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Arq Gastroenterol. 2016 Oct-Dec;53(4):235-239. doi: 10.1590/S0004-28032016000400005.

EARLY AND LATE ASSESSMENT OF ESOPHAGOCARDIOPLASTY IN THE SURGICAL TREATMENT OF ADVANCED RECURRENT MEGAESOPHAGUS.

Author information

1
Clínica Cirúrgica, Faculdade de Medicina, PUC-Campinas, SP, Brasil.
2
Faculdade de Nutrição, PUC-Campinas, SP, Brasil.
3
Serviço de Cirurgia, Hospital e Maternidade Celso Pierro, PUC-Campinas, SP, Brasil.

Abstract

Background:

Since Chagas disease has esophageal manifestations with different degrees of involvement, the best surgical option is controversial, especially for patients with advanced chagasic megaesophagus and recurrent symptoms after previous treatment.

Objective:

To assess the early and late outcomes of esophagocardioplasty in a series of patients with advanced recurrent chagasic megaesophagus.

Methods:

This descriptive study included 19 older patients with recurrent megaesophagus grade III/IV and positive immunofluorescence for Chagas disease. They had undergone cardiomyotomy with anterior fundoplication a mean of 16.5 years ago. Serra-Doria esophagocardioplasty was selected to treat the recurrence. The patients were followed to assess postoperative and late complications and the incidence of symptom recurrence.

Results:

In early assessment, five (26.3%) patients presented clinical complications. One (5.2%) patient had a gastrointestinal fistula secondary to esophagogastric anastomotic leak, which responded well to conservative treatment. In the one-year follow-up, 18 (94.7%) patients could swallow normally and had no vomiting. Three years after surgery, 10 (62.5%) of 16 patients could swallow normally, and 3 (19.3%) patients complained of vomiting. Five years after surgery, only 5 (38.4%) of 13 patients could swallow normally and 7 (53.8%) had vomiting.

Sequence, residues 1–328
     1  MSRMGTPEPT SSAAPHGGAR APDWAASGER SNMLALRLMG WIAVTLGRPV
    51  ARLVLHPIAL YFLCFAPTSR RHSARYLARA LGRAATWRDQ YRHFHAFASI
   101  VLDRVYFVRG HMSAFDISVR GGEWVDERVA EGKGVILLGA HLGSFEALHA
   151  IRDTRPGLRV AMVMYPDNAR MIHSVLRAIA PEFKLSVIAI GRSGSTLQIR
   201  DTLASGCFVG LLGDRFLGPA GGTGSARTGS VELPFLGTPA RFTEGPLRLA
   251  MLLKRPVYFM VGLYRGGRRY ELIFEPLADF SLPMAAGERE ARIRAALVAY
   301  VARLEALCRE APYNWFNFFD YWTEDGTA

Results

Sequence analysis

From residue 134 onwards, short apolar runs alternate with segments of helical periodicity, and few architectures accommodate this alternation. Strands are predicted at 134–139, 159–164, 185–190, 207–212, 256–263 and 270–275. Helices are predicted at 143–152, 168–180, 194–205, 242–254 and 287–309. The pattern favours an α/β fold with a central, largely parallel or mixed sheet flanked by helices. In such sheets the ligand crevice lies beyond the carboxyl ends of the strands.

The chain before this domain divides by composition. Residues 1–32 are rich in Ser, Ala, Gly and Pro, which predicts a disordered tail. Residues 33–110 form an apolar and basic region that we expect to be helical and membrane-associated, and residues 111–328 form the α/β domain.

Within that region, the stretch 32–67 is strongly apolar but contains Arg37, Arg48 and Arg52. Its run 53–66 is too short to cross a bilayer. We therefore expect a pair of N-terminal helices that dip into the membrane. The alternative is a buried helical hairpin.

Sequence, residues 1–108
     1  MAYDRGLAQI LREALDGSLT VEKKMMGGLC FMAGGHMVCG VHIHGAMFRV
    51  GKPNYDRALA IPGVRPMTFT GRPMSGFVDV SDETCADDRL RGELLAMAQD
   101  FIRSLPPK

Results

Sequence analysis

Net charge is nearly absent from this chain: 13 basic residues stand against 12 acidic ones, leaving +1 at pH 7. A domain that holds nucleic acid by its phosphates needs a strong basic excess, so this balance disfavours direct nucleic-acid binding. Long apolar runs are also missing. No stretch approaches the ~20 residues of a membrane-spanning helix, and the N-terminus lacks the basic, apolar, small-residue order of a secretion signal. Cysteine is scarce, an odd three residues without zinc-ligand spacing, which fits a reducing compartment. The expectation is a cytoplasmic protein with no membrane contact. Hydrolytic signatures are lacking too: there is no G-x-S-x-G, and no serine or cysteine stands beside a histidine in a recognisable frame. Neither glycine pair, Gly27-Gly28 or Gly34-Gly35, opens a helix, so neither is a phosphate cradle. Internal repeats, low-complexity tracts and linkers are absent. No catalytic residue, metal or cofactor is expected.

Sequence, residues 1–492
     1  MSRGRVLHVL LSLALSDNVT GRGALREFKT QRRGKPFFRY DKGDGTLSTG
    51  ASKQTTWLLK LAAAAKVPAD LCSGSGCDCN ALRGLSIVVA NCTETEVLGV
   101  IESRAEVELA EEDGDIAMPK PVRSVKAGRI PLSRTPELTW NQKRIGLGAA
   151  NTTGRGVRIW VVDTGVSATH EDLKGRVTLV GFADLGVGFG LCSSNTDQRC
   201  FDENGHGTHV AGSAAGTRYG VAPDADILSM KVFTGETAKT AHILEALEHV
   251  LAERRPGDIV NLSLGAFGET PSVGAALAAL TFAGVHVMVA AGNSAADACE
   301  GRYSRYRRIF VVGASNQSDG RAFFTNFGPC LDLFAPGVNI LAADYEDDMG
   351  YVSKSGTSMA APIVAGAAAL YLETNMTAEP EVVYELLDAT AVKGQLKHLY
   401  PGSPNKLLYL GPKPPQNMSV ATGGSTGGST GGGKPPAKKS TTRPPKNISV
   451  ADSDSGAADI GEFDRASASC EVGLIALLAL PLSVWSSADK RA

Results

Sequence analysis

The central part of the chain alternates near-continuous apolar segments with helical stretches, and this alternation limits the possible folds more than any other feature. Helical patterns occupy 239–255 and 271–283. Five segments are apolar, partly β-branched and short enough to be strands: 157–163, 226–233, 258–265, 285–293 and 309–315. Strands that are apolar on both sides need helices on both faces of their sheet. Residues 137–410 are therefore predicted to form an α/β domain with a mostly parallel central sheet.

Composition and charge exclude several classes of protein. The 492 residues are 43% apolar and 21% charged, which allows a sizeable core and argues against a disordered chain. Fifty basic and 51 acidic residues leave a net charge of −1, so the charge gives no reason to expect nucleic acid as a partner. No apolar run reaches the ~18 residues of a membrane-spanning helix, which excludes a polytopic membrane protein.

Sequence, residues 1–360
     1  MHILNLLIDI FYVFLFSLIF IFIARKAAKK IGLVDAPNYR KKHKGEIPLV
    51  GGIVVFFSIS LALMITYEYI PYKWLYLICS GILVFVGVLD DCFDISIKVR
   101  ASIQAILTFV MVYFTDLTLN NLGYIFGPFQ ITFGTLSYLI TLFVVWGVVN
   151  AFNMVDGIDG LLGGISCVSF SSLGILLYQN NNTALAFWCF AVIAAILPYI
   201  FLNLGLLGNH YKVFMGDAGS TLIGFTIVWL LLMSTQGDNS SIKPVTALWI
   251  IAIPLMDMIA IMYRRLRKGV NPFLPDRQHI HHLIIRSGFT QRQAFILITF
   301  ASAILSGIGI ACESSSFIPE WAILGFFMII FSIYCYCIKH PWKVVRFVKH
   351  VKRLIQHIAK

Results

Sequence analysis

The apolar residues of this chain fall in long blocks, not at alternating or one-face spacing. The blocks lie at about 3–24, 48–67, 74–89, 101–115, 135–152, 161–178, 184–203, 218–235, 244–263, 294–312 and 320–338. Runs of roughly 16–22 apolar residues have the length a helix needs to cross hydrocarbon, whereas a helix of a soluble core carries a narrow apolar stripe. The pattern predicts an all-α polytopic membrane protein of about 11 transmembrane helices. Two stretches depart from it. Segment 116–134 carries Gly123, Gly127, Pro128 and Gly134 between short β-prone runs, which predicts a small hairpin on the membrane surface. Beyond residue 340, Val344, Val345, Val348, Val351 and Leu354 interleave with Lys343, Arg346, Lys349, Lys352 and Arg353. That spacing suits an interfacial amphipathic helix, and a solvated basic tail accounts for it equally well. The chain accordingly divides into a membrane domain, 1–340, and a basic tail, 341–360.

Conclusion:

Serra-Doria esophagocardioplasty for the treatment of advanced recurrent megaesophagus had mild postoperative complications and good success rate in the short-term follow-up. In the long-term follow-up, it proved to be a poor surgery choice because of the high incidence of symptom recurrence, compromising quality of life. This procedure should be indicated only for patients with advanced recurrent megaesophagus without clinical conditions to undergo esophageal resection.

PMID:
27706452
DOI:
10.1590/S0004-28032016000400005
[Indexed for MEDLINE]
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